Hollywood: screenwriters on strike, lack of agreement on remuneration
In the absence of an agreement, thousands of American television and film screenwriters are on strike on Tuesday, after the failure of negotiations with the main studios and platforms relating in particular to an increase in their remuneration.
This social movement will result in the immediate interruption of successful shows, such as “late-night shows”, and significant delays for television series and films scheduled for release this year.
“We have not reached an agreement with the studios and broadcasters. We will be on strike after the contract expires at midnight” on Monday (0700 GMT Tuesday), the powerful writers' union, the Writers Guild of America (WGA), said in an email to its members and obtained by AFP. .
The studios' responses to the requests were “totally insufficient, given the existential crisis that screenwriters are facing”, estimated the WGA.
Overnight, screenwriters relayed the call for the strike on social networks.
“Drop your pens!”, urged Caroline Renard, screenwriter of several series and television shows, on Twitter.
“It's frightening. But a future in which we accept what companies are trying to do (…) is even more so, ”also commented actress and screenwriter Ashley Nicole Black on the social network. “Screenwriters generate far too much value to accept this.”
Late Monday, major studios and platforms, including Disney and Netflix, represented by the Alliance of Film and Television Producers ( AMPTP, Alliance of motion picture and television producers) had announced that talks with the WGA “had ended without an agreement”.
The last major social movement in Hollywood dates back to the writers' strike that paralyzed the American audiovisual industry in 2007-2008. A 100-day dispute that had cost the sector two billion dollars.
This strike could have disastrous consequences for the American entertainment industry.
Rise of streaming
Screenwriters are demanding higher pay, minimum guarantees for stable employment and a greater share of the profits generated by the streaming boom.
For their part, studios say they must reduce their costs due to economic pressures.
Screenwriters say they are struggling to make a living from their craft, with salaries stagnating or even falling due to inflation, while their employers make profits and increase the salaries of their leaders.
They believe that they have never been so numerous to work for the minimum wage set by the unions, while the television networks hire fewer people to write ever shorter series.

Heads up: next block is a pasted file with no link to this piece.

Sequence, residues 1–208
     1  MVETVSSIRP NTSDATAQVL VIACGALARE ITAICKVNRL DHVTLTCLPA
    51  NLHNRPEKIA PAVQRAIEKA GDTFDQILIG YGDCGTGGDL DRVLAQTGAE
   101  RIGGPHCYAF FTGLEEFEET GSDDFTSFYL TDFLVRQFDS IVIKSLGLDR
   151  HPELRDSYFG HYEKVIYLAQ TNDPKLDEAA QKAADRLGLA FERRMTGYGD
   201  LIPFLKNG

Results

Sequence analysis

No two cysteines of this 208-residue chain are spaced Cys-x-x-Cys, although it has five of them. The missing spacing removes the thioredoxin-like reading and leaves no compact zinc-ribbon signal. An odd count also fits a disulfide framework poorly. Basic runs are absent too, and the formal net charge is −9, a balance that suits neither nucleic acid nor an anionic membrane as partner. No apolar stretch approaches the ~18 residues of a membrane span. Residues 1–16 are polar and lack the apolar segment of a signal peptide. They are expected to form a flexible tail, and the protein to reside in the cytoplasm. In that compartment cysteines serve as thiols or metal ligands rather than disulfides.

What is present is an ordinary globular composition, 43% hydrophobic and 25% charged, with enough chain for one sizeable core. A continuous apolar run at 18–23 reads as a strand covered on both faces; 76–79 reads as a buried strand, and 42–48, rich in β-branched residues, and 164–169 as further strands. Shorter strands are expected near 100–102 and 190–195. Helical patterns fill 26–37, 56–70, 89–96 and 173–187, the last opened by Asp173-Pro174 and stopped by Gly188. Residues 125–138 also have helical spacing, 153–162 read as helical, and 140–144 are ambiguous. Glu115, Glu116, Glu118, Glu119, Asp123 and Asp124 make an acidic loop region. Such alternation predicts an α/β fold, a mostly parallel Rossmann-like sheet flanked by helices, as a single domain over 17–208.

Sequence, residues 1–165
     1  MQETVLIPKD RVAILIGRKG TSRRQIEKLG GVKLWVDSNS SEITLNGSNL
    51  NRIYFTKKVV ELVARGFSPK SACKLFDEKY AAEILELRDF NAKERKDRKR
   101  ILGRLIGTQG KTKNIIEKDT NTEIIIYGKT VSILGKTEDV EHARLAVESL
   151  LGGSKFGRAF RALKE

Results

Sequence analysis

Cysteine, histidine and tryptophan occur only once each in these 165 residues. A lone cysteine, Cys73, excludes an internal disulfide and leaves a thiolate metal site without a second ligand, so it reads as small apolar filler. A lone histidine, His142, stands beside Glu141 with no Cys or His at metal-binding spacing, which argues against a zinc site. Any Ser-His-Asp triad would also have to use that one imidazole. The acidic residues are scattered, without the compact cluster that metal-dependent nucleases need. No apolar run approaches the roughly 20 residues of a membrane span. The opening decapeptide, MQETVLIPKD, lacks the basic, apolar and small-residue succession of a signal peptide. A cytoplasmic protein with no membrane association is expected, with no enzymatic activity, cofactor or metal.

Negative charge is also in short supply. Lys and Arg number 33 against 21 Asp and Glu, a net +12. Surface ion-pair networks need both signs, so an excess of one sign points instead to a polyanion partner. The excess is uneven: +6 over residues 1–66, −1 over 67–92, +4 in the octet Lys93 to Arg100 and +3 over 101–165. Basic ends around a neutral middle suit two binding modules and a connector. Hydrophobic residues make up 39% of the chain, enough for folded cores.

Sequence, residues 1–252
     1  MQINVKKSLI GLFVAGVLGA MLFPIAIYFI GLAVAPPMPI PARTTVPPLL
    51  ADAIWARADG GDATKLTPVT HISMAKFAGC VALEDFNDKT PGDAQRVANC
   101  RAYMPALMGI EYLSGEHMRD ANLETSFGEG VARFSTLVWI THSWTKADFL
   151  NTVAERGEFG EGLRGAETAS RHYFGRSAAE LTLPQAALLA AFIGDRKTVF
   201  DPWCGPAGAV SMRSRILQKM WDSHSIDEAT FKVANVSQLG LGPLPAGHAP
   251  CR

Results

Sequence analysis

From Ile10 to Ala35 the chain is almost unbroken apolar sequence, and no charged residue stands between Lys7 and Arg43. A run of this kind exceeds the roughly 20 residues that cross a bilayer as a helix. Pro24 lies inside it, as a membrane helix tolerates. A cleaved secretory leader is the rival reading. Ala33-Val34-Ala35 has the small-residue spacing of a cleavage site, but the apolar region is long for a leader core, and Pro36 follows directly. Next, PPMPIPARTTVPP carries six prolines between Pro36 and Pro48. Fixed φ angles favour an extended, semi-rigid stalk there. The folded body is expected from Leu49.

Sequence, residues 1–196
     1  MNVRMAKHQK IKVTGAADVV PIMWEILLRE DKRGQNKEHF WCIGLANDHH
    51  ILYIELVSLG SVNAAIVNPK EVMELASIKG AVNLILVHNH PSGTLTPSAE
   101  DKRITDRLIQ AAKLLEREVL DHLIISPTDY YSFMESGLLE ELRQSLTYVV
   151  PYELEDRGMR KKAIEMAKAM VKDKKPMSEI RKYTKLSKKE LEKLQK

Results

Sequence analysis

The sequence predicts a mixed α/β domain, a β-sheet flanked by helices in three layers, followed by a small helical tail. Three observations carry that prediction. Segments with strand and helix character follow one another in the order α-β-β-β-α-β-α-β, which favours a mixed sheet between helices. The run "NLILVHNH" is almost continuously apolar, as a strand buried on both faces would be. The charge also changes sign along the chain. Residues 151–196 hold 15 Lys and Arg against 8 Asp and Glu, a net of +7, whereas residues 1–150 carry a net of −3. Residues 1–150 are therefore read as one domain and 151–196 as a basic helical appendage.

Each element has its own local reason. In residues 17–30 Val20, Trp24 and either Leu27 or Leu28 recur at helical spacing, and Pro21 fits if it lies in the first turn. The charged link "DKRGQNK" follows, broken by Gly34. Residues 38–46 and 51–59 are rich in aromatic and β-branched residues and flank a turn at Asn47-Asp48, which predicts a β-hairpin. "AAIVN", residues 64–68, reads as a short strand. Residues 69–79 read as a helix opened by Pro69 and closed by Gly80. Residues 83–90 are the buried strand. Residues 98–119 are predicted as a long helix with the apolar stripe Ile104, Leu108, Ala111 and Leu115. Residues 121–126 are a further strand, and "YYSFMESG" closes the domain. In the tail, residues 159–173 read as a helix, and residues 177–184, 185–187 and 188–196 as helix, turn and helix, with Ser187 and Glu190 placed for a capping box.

The WGA accuses the studios to seek to create a “gig economy”, the economy of odd jobs, in which screenwriting work would be “an entirely freelance profession”.
The AMPTP claimed to have presented a “comprehensive proposal” including an increase in the remuneration of the screenwriters but that it was not prepared to improve this offer given the magnitude of the other demands”.
According to its press release , the WGA's demands for a “compulsory endowment,” which would compel studios to hire a set number of writers “for a given period, whether they are needed or not,” is one of the main points of contention. disagree.
How screenwriters are paid for streaming series, which often remain viewable on platforms like Netflix for years after being written, is also a matter of contention.
For years decades, screenwriters have collected “residual rights” for the reuse of their works, for example in television reruns or DVD sales.
This is either a percentage of the revenue the studios make for the film or show, or a fixed amount paid for each rerun of an episode.
With streaming, authors receive a fixed amount each year, even in the event of global success for their work, such as the “Bridgerton” or “Stranger Things” series, seen by hundreds of millions of viewers around the world.
The WGA is calling for the revaluation of these amounts, which are today “far too low in view of the massive international reuse” of these programs. She also wants to discuss the future impact of artificial intelligence on the screenwriting profession.
The studios point out that the “residual rights” paid to screenwriters reached a record level of $ 494 million in 2021, against 333 million ten years earlier, largely thanks to the explosion of screenwriter jobs linked to rising demand for streaming.
After being spendthrift in recent years, when competing broadcasters have sought to increase subscriber numbers at all costs, bosses say they are now under great pressure on the part of investors to reduce their expenses and make profits.
And they deny using the pretext of economic difficulties to strengthen their position in negotiations with the screenwriters.
“Do you think that Disney would lay off 7,000 people for fun?” said a source close to AMPTP. According to her, “there is only one platform that is profitable right now, and that is Netflix”. The film industry “is also a very competitive sector”.